1.1.3 Source Terms Inclusion

So far, only homogeneous models were tacitly considered, that is to say, models endowed with neither forcing nor dissipation, for which global conservation exactly holds along time. Needless to say, a good description of realistic problems often involves supplementary, lower-order terms, usually referred to as source terms, likely to restrict, or at least perturb a bit more existing stability theories. Two main classes of source terms can be distinguished:
  • Dissipative mechanisms, like relaxation appearing in discrete models of more complex kinetic equations, which effect is to push the system onto an equilibrium manifold where its dynamics are described by a reduced number of variables.

  • Possibly accretive terms of bounded extent thus naturally position-dependent, yielding a scattering mechanism as they are somewhat negligible at infinity, but create strong interactions with convective waves in the vicinity of the origin.

Numerical techniques for both these categories are intrinsically different: uniform in space, dissipative terms are well handled by operator-splitting in time algorithms, consisting essentially in alternating the treatment of the homogeneous equations and the ordinary differential system resulting of the presence of the source (which acts more like a sink ) [17]. Oppositely, position-dependent, bounded-extent source terms lead, in large times, to a scattering (i.e. non-interacting) state where homogeneous hyperbolic waves propagate far away, but a steady-state wave, resulting from a delicate balancing of convection forces and sources, stands close to the origin. Such a balance is usually not correctly reproduced by a time-splitting strategy, as was already well understood in the 80s [18, 34]. A scattering mechanism is present in homogeneous systems of conservation laws: by strict hyperbolicity, the solution decays toward a set of non-interacting waves. This set of waves identifies with the Riemann problem at infinity, obtained by a “zoom-out” rescaling. Yet, in presence of a bounded extent source, such a rescaling wipes off everything except for a Dirac measure in zero inside which all the effects are concentrated. A S-matrix relates incoming and outgoing hyperbolic waves, locally scattered by a “Dirac source” [13].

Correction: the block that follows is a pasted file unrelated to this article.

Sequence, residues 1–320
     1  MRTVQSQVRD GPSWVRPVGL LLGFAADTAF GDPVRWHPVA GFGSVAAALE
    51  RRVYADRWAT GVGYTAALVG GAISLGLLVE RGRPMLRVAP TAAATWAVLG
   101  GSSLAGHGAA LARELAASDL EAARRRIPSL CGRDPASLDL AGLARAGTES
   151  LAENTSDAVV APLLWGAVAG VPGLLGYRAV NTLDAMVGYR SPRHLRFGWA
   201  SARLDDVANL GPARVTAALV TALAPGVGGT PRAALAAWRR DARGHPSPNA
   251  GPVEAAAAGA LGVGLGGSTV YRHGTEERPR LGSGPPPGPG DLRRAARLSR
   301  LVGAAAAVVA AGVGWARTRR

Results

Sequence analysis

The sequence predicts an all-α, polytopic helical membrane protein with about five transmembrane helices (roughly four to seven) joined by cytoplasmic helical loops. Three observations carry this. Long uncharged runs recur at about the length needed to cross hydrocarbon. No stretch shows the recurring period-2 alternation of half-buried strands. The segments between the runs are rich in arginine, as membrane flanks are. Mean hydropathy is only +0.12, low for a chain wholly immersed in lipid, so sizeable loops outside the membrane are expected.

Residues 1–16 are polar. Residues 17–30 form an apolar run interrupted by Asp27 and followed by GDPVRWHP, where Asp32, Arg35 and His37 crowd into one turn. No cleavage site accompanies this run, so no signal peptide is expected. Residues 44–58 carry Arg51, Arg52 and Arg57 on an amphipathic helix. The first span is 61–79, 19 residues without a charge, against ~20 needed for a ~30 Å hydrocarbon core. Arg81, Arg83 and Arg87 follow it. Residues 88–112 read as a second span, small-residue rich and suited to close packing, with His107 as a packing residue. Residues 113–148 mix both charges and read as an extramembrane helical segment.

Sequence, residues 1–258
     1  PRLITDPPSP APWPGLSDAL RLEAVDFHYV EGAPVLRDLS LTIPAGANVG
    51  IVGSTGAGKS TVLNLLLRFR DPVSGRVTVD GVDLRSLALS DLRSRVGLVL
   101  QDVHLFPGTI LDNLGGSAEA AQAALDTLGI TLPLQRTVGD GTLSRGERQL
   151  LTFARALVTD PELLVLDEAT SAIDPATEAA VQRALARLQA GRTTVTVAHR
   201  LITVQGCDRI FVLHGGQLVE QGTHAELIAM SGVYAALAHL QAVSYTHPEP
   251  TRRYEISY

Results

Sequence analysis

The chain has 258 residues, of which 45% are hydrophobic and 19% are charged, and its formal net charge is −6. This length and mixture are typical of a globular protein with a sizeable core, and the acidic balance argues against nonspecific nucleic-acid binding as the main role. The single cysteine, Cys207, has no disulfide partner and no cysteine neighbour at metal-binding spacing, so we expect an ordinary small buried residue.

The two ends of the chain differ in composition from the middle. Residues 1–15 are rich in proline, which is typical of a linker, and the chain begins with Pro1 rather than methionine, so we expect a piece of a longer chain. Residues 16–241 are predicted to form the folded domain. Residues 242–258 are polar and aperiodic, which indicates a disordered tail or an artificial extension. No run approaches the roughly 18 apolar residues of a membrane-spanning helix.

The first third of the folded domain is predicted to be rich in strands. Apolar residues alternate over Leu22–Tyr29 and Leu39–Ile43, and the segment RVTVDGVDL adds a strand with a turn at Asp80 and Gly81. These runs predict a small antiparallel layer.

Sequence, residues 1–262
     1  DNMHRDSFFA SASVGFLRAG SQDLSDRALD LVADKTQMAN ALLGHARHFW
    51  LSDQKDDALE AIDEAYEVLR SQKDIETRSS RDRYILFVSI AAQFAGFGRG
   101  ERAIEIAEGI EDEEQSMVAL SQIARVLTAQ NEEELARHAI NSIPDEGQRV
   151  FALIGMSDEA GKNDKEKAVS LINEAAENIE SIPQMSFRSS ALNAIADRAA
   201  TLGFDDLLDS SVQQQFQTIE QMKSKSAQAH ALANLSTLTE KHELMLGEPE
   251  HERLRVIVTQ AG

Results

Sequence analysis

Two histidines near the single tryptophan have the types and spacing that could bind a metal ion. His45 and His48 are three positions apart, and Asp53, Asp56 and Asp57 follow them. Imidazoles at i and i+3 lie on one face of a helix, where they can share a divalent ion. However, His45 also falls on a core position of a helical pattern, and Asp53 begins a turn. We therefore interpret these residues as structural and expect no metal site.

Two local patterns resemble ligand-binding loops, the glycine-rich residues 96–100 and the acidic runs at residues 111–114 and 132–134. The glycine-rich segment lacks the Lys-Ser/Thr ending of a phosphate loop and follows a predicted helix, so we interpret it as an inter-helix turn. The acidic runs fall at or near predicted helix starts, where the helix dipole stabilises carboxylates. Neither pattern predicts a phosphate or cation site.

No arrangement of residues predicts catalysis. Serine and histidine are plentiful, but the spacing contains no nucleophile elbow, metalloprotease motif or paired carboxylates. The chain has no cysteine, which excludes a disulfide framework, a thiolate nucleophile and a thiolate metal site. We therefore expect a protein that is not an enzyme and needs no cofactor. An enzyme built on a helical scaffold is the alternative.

1.2 This Book in a Nutshell

1.2.1 Outline of the Contents

This book is mostly concerned with quantifying the accuracy of specific numerical approximations of 1D systems of balance laws endowed with position-dependent, possibly accretive source terms, hence decaying in large time onto a scattering state involving a stationary wave. These approximations follow Glimm’s canvas, namely reducing a position-dependent source term to a countable collection of “local scattering centers” by means of Dirac measures (for instance, located at the edges of computational cells in a Cartesian mesh), and proceeding by iteratively solving all the resulting Riemann problems, but this time, including the “standing wave ” (in the terminology of [21]) which results of the “Dirac source scattering ”. Within a Godunov scheme, this procedure is mostly referred to as well-balanced scheme [15] whereas in the context of homogenization of periodically forced scalar laws, one speaks more willingly about a generalized Glimm scheme [38]. During the last decade, such a numerical strategy was very successful on practical computations for shallow water equations endowed with steep topography source terms (see [4] and ( 2.11); hence the natural question “is there a rigorous mathematical explanation for this class of schemes outperforming the standard ones ?” to which the forthcoming chapters aim at (partly) answer in a unified, self-contained manner.

  • Chapter  2 deals with several forms of error estimates for 1D systems of balance laws. Especially, the classical so-called Local Truncation Error (L.T.E.) is introduced, following an analysis of K. Morton. Most “high-order schemes” for conservation laws rely on this (formal) notion of local error for their construction. Since it usually employs Taylor expansions of the solution, its relevance in the context of weak, possibly discontinuous, solutions isn’t obvious: two simple examples (the deformation of shock curves by numerical viscosity and a nonlinear shock-rarefaction interaction ) reveal some of its shortcomings. Moreover, such a local error bound should be integrated in time, with the help of convenient uniform bounds, in order to produce a global error estimate which quantifies the actual error separating the approximate solution from its exact counterpart in some norm (usually \(L^1\)): by assuming infinite smoothness for solutions of a linearized shallow water system, it is shown that handling the topography term a(x) as a collection of “local scattering centers” furnishes a much more robust approximation. This elementary calculation is checked on a practical example.